• It is good practice for all firms to a) evaluate their processing of personal data against the criteria for the mandatory appointment of a DPO; b) document their decision; and c) continuously review their decision, especially before any substantial change in processing activity or when carrying out a data protection impact assessment (DPIA).
  • Firms should consider voluntary designation of a DPO and document the reasons for their decision. If a firm does not appoint a DPO it should consider other governance arrangements it will put in place to ensure compliance with the GDPR.
  • Governance arrangements should always include a suitably senior and qualified person with the necessary resources to lead on data protection compliance.
  • Firms should pay careful attention to the characteristics, role and tasks of the DPO in deciding whom to appoint and ensure that the DPO has the appropriate levels of expertise, independence and resource, as well as considering other relevant issues, such as conflict of interest, the statutory duties of the DPO, that person's duties to his or her clients and fellow partners, etc.
  • The appointment of a DPO can facilitate data protection compliance, however, DPOs are not personally responsible in case of a non-compliance with the GDPR, and the compliance responsibilities will always remain with the firm.

To read the guidance, click here.

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Government significantly increases ICO Fees for large organisations

The Government has announced a new charging structure for data controllers to ensure the continued funding of the ICO under the Data Protection (Charges and Information) Regulations 2018 (Regulations), which was laid before Parliament on 20 February 2018. The model must still be approved by Parliament before it is finally confirmed and implemented. As reported in our October bulletin, the Government has been finalising the new funding mechanism, as introduced by the Digital Economy Act (see our May bulletin here), for some time. The new fees are as follows:

  • Tier 1 - micro organisations' fee: £40 (or £35 if paid by direct debit) (maximum turnover of £632,000 or no more than ten members of staff);
  • Tier 2 – SMEs' fee: £60 (maximum turnover of £36 million or no more than 250 members of staff);
  • Tier 3 - large organisations' fee: £2,900 (those not meeting the criteria of Tiers 1 or 2).

A company's failure to pay the fee, or not pay the correct fee, may be subject to a fine of up to £4,350.

Currently, data controllers are legally required to register with and pay the ICO either £35 or £500 annually depending on their revenue and number of employees. Until 25 May 2018, organisations are legally required to pay the current notification fee, unless they are exempt.

Previously it was thought that fees would change on 1 April 2018 but pursuant to the recent guidance the new fee model will go live on 25 May 2018. It is important to note in the meantime that data controllers remain under an obligation to renew their ICO notification if a renewal falls between now and 25 May 2018. Although the 2018 Regulations come into effect on 25 May 2018, this doesn't mean everyone has to pay the new fee on that date. Controllers who have a current registration (or notification) under the DPA do not have to pay the new fee until that registration has expired.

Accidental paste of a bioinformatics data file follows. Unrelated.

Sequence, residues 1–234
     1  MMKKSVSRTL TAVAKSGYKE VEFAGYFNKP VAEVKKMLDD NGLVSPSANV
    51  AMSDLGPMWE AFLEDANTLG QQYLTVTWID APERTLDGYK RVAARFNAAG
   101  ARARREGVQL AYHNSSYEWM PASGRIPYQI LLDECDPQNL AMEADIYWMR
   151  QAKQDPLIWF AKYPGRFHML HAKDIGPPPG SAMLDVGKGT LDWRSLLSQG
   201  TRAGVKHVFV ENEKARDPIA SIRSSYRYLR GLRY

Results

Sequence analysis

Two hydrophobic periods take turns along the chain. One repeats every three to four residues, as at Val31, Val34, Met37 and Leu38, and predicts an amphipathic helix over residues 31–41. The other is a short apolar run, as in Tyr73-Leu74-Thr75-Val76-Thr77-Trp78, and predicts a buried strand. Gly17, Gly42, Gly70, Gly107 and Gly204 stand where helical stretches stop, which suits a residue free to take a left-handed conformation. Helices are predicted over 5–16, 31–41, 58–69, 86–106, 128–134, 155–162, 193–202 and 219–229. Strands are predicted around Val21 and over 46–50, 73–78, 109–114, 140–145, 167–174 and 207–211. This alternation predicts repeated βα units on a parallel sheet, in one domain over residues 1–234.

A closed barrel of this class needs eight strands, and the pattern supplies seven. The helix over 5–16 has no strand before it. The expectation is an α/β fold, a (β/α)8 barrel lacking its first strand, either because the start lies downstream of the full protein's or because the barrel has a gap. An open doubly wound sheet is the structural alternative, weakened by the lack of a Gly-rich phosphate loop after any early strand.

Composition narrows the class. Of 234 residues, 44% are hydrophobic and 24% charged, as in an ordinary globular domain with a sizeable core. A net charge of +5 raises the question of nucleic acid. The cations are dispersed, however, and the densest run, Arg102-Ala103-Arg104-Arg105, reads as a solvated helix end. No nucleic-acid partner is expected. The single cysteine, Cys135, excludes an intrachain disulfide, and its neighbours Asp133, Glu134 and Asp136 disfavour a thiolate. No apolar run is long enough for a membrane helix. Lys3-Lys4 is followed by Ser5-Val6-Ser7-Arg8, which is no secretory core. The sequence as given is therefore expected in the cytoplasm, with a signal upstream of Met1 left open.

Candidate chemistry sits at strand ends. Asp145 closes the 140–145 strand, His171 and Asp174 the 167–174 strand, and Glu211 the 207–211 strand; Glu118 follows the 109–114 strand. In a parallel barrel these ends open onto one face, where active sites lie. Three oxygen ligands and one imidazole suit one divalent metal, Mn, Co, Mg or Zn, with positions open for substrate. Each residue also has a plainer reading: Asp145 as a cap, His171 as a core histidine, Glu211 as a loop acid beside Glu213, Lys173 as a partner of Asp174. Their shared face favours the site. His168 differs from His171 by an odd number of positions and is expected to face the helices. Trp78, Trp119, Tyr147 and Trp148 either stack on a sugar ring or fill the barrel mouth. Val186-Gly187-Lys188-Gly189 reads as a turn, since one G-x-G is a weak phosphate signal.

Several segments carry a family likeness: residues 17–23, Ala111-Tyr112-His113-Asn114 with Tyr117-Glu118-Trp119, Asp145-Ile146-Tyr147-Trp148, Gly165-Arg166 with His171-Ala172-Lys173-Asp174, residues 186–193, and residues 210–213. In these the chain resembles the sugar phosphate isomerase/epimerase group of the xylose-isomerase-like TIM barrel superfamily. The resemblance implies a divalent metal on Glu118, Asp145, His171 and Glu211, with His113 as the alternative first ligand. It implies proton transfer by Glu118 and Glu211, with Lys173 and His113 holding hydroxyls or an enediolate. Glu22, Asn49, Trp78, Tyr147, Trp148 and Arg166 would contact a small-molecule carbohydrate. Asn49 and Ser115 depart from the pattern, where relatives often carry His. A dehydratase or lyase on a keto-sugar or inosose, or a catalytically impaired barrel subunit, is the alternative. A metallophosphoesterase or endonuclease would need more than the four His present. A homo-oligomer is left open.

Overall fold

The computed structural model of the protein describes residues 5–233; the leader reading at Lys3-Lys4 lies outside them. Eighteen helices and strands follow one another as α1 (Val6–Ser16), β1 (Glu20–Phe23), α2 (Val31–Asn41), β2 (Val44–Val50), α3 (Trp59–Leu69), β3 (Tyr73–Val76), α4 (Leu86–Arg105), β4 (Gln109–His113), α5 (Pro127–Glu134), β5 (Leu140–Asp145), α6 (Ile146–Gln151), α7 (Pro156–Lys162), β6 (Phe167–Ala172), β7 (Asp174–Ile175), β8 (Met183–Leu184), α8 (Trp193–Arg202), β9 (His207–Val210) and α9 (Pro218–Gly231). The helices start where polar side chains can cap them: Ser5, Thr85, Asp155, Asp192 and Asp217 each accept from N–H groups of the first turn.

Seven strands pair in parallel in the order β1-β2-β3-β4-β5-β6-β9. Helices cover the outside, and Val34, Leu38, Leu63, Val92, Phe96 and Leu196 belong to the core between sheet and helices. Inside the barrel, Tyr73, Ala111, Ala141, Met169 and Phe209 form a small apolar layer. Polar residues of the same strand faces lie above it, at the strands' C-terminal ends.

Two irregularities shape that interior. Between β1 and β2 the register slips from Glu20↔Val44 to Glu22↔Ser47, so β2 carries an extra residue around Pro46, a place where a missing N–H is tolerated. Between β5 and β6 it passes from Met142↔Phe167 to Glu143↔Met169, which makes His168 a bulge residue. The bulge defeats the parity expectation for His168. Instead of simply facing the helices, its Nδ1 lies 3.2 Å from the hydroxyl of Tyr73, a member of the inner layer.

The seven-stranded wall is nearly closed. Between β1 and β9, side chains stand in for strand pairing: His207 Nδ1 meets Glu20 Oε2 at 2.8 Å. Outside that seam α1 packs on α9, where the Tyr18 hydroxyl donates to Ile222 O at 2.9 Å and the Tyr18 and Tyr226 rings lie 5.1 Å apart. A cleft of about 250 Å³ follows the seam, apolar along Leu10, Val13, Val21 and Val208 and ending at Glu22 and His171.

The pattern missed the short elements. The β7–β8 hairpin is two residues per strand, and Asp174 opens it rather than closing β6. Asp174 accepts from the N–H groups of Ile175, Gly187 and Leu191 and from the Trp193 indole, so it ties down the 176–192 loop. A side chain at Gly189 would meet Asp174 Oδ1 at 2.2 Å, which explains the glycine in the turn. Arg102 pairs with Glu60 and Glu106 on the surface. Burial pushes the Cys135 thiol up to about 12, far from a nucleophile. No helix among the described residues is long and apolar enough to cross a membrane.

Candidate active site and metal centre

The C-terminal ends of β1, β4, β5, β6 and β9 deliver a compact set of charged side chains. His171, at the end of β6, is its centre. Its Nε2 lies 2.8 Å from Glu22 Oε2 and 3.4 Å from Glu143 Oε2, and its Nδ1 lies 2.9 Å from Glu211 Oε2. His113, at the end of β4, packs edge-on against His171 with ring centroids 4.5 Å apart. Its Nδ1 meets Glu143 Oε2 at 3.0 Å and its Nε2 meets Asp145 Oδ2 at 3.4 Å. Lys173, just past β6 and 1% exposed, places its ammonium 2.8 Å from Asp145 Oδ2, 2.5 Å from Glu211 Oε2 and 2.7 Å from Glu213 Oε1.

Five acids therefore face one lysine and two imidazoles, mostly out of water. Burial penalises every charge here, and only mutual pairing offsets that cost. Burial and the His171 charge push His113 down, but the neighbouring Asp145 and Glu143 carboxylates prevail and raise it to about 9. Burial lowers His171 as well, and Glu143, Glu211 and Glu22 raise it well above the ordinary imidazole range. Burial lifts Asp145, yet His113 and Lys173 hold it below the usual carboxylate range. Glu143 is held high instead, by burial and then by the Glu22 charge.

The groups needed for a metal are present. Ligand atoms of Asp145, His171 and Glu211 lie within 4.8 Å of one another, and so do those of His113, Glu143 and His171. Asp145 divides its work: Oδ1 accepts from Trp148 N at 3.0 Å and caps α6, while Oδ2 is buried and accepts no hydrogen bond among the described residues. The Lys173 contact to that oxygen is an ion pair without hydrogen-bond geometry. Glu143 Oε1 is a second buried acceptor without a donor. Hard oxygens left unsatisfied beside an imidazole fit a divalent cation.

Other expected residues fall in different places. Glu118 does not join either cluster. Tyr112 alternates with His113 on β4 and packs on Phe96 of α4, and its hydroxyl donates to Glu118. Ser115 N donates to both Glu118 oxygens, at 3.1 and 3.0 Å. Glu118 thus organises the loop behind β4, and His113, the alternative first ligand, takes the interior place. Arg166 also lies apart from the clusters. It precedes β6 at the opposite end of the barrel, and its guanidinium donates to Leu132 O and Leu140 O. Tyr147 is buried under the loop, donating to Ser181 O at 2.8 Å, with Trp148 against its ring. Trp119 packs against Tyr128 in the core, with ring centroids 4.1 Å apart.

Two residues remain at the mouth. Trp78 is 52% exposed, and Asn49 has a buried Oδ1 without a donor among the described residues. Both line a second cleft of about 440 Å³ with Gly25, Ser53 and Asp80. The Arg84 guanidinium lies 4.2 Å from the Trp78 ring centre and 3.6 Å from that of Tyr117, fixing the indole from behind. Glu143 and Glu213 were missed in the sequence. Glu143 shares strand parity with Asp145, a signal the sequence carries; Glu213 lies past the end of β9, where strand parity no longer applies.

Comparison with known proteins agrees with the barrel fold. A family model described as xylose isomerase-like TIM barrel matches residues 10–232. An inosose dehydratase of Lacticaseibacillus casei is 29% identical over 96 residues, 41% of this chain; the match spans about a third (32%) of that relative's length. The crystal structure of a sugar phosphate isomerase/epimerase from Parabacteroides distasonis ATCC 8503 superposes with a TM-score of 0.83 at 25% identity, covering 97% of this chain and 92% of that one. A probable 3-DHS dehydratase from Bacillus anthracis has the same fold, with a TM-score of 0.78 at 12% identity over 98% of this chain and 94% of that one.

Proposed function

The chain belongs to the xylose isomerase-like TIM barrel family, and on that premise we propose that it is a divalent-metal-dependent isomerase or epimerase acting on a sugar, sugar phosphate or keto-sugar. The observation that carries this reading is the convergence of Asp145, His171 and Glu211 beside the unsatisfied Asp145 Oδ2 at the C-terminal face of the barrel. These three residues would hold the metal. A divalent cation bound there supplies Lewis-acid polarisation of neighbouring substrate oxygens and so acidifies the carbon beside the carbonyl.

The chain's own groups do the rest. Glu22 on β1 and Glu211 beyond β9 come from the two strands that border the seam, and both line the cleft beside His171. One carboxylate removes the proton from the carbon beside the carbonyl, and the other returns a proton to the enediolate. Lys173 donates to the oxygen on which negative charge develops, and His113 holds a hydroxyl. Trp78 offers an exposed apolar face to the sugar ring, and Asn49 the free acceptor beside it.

To read the ICO's guidance, please click here.

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Article 29 Working Party has issued final guidelines on Data Breach Notification

Following a consultation period, the Article 29 Working Party (WP29) has now issued final guidelines on personal data breach reporting. The guidelines provide clarification as to the notifications that may need to be made to the relevant supervisory authority, as well as the data subjects themselves, following a personal data breach.

To read our summary of the guidelines, please click here.

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Cyber security

UK finalises plans to implement new cybersecurity laws

The Department for Digital, Culture, Media & Sport (DCMS) has published the Government's response to the public consultation on the Network and Information Security Directive (NIS Directive) which was reported in our August bulletin (click here).

By way of reminder, the NIS Directive sets out measures designed to ensure critical IT systems in central sectors of the economy like energy, health and transport are secure. It applies to operators of such 'essential services', as defined by each EU Member State. Slightly different rules also apply to 'digital service providers'. EU Member States have until 9 May 2018 to implement the Directive into national law. DCMS confirmed the criteria which will define whether organisations across the sectors covered by the rules will be considered 'operators of essential services' and subject to the requirements of the new laws. The criteria for determining which organisations qualify as 'digital service providers' is set out in the NIS Directive itself.

DCMS also confirmed that operators of essential services that breach the security requirements will face fines of up to £17 million. Fines will only be issued as a last resort and will not be issued where operators of essential services have assessed the risks adequately, taken appropriate security measures, and engaged with regulators but still suffer an attack.

Under the new UK regime, different competent authorities will have responsibility for monitoring compliance and enforcement depending on which sector a relevant organisation operates.